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Sociological approaches regard mental health and illness as aspects of social circumstances. One type of sociological study examines the sorts of social conditions that influence levels of mental health and illness such as negative life events, ongoing stressful circumstances, demanding social roles, levels of social support, and the strength of cultural systems of meaning. Another type of study focuses on how social and cultural influences shape the definitions of and responses to mental health problems. These kinds of studies show how key recent trends including the medicalization of a growing number of conditions, the increased use of prescription drugs to deal with mental health problems, and a greater willingness to identify emotional suffering as mental illnesses that require professional help, are transforming how modern societies deal with psychological problems. The sociological study of mental health and illness is both distinct from and complementary to more individualistic psychological and biological approaches to these topics. What would be an example of the difference between how a sociologist and a psychiatrist might view someone's mental health problems? What are the advantages and disadvantages of each approach? Some people think that using prescription drugs for mental health problems is a helpful way of responding to suffering while others emphasize the dangers involved in growing rates of prescription drug use. Which view do you think is best supported?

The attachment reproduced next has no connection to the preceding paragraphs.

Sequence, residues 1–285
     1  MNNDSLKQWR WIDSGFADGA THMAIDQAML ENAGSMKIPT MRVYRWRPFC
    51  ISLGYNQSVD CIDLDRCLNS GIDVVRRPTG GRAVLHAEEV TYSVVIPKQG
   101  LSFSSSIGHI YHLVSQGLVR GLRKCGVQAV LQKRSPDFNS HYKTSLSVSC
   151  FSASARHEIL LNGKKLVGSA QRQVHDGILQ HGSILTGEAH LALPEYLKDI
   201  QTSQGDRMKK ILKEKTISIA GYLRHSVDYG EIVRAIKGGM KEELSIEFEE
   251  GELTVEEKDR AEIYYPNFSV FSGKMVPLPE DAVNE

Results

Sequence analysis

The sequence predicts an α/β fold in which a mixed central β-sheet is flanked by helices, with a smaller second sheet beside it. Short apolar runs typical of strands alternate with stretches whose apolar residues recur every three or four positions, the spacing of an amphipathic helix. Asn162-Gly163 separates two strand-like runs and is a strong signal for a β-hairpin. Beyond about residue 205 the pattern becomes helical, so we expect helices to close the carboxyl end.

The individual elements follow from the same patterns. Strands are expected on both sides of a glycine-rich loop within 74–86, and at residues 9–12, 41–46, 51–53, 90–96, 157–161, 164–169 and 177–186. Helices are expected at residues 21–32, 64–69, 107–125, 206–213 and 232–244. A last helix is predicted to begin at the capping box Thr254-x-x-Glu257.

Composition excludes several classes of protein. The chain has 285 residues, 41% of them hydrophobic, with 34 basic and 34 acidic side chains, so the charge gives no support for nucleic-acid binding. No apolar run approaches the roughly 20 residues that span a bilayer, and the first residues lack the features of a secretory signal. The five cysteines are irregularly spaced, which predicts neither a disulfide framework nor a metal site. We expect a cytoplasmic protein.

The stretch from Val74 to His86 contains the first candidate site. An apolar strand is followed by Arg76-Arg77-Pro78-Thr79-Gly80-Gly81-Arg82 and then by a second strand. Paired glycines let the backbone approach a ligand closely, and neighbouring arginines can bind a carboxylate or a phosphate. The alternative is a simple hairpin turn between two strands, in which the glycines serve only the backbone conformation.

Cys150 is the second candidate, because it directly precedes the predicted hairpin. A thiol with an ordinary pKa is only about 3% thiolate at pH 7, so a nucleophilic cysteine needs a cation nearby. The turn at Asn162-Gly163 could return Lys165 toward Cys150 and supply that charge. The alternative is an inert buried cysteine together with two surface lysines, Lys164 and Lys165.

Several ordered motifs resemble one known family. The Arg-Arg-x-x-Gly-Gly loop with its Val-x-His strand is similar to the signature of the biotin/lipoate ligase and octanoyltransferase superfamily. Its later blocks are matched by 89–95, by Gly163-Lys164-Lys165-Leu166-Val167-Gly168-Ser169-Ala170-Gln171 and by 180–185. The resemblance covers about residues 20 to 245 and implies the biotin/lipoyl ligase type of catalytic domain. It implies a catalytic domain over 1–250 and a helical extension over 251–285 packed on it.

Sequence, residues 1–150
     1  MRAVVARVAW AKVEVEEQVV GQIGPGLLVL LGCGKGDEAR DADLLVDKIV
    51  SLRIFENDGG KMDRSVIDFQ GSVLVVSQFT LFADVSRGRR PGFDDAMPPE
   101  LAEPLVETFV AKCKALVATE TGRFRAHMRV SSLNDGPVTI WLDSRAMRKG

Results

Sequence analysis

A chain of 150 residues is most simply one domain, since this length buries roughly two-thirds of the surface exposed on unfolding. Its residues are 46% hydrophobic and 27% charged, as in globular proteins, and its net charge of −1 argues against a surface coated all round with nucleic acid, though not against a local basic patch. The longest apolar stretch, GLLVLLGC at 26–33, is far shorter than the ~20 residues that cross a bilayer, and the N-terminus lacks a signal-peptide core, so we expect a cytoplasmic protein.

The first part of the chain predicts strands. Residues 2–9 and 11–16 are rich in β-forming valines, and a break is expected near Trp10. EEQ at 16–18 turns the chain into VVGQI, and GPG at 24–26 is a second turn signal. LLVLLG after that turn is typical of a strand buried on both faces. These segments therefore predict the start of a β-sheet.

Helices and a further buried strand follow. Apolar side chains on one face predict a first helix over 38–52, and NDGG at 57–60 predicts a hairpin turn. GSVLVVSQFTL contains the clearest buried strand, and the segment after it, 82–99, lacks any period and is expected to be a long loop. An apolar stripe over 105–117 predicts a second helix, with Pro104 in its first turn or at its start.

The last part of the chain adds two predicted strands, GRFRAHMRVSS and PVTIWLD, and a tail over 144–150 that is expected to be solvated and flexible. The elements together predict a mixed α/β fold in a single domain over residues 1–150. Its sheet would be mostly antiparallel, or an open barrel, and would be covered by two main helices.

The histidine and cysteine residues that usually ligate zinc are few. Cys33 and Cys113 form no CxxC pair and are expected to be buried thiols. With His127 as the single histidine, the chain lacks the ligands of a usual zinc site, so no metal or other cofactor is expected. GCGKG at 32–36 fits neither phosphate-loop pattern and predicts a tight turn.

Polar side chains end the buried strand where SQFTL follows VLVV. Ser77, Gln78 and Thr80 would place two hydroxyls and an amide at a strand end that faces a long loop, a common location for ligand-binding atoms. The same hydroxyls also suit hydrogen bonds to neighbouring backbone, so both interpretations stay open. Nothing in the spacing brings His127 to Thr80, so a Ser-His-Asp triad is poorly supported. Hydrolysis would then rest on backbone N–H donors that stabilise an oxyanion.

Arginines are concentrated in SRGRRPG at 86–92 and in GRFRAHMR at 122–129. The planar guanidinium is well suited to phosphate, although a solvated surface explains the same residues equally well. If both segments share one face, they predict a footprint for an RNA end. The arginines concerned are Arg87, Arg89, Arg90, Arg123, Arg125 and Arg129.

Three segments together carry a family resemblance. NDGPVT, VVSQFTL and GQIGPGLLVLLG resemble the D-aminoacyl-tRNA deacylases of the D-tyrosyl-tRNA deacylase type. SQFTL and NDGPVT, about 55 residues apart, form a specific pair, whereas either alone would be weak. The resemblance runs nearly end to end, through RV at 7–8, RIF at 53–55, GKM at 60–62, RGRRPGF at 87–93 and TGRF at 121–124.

Why do some people seem to be always cheerful while others are often sad? Most of us believe that our moods have to do with aspects of our personalities that make us more or less depressed, anxious, or exuberant. Others might think that temperaments result from biological factors such as our genes and neurochemicals. People usually also assume that therapies that change their states of mind are the natural response to mental problems. These treatments might involve psychotherapies that modify the way people view the world or drugs that alter their brain chemistry. Typical approaches to the nature, causes, and cures of various states of mind emphasize individual traits, temperaments, and behaviors.
Sociological approaches to psychological well-being are fundamentally different. Unlike psychological and biological perspectives that look at personal qualities and brain characteristics, sociologists focus on the impact of social circumstances on mental health and illness.
Sociological approaches to psychological well-being are fundamentally different. The distinctive emphasis of sociological approaches is on how processes such as life events, social conditions, social roles, social structures, and cultural systems of meaning affect states of mind. Many sociologists study how social conditions affect levels of mental health. Most research that takes place in clinical settings examines particular types of mental illnesses, such as schizophrenia, bipolar disorder, major depression, and obsessive-compulsive disorder. Emile Durkheim's study, Suicide, is generally regarded as the first explicitly sociological study of mental health. Contemporary studies in the sociology of mental health confirm the importance of social integration as a fundamental cause of well-being. Social inequality relates not only to economic and work conditions but is also an aspect of all social institutions. Birth cohorts are another social influence that shapes mental health. Generational factors also affect general levels of well-being and distress.
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